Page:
Our series "Closing Costs" follows three New Orleans schools who lost their charters.
At Lagniappe Academies, some administrators tried to hide a lack of services for students with disabilities. The state and Recovery School District chose to close the school, which is a cluster of mobile classrooms in Tremé, rather than find a new operator.
The last day starts off in the cafeteria. Students perform the school chants and cheers one last time.
Pop songs alternate with the chants. Students dance, some with carefully choreographed dance routines.
Wilson parents Dana Wade and Miesha Jackson pose in front of the bumper cars at InspireNOLA Family Night. They want to make sure Wilson's new operator won't treat the school, or the students, like failures.
The school year is winding down, and for three New Orleans charters, the last day will bring dramatic changes. Two of those schools are closing for good. The third – kindergarten through 8th grade school Andrew H. Wilson Charter – is getting a new operator.
The story of Wilson's future is the first in WWNO's series Closing Costs.
Wilson's contract was up for review this year. The school had to earn a D to get renewed. It missed the grade by less than one point.
What if you had to start your school system over almost from scratch? What if most of the buildings were unusable, and most of the teachers had left or been fired? Is that a nightmare, or your dream come true?
In New Orleans, that was the reality after the flooding that followed Hurricane Katrina. That set off a chain reaction that transformed the city's schools forever, first by a state takeover and then by the most extensive charter school system in the country.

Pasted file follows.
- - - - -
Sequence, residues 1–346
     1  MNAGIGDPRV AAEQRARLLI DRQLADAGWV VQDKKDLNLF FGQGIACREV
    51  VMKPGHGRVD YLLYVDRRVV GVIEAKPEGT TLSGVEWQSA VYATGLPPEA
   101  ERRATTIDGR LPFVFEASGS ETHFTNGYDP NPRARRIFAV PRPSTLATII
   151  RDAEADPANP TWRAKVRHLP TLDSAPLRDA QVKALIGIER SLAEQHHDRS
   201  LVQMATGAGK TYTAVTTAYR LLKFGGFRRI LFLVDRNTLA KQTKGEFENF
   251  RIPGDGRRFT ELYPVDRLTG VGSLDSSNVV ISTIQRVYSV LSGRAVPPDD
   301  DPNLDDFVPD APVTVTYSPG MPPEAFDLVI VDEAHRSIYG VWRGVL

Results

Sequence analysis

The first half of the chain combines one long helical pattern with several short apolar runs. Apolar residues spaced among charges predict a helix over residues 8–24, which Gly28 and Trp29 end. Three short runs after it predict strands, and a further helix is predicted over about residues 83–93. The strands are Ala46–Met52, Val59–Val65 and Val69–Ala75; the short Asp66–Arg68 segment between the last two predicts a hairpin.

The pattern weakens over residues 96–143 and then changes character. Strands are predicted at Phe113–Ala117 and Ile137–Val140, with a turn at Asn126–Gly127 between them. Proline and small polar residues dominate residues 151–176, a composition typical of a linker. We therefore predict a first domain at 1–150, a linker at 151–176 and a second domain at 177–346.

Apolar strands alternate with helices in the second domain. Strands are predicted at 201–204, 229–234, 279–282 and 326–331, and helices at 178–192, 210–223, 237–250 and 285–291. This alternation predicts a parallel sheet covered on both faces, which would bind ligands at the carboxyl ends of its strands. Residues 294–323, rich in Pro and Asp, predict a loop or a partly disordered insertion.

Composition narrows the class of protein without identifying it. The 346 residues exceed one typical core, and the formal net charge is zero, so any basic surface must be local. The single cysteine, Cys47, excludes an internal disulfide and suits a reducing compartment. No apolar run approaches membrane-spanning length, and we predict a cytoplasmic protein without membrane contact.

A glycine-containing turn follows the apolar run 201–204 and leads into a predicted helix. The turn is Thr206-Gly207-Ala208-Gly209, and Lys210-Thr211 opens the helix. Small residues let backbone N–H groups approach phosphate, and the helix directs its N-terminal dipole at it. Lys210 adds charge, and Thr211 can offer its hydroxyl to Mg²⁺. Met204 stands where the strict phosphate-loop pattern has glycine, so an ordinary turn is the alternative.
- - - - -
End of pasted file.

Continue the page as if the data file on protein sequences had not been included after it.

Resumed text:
The New Orleans education system has changed dramatically in the almost ten years since Hurricane Katrina. NPR's Michel Martin is in town for a live event looking at those changes. It's part of her Going There series, where she hosts conversations about local topics with national significance.
Martin recently spoke about the event with WWNO Education Reporter Mallory Falk. She started by explaining why she chose to focus on education in New Orleans.
New Orleans Center for Creative Arts, or NOCCA, has long been known as a leading arts education program. But the staff there began to notice a trend. Students came to NOCCA from schools all over the city and had dramatically different experiences.
"And there were a lot of sad moments at the end of somebody's senior year where they'd be given a scholarship based on their art, or get into a school based on their arts audition, and then not be able to accept it because they weren't admitted academically," says Dr. Kate Kokontis.
Last month Henderson Lewis Jr. took the helm as superintendent of the Orleans Parish School Board. Today he laid out his plan for his first six months — and his vision for the future.
Henderson Lewis Jr. has a clear vision: "To reunite the school district," he says. "Right now we have a fragmented school system. We have some schools that are part of the Orleans Parish School Board. We have other schools that are part of the Recovery School District."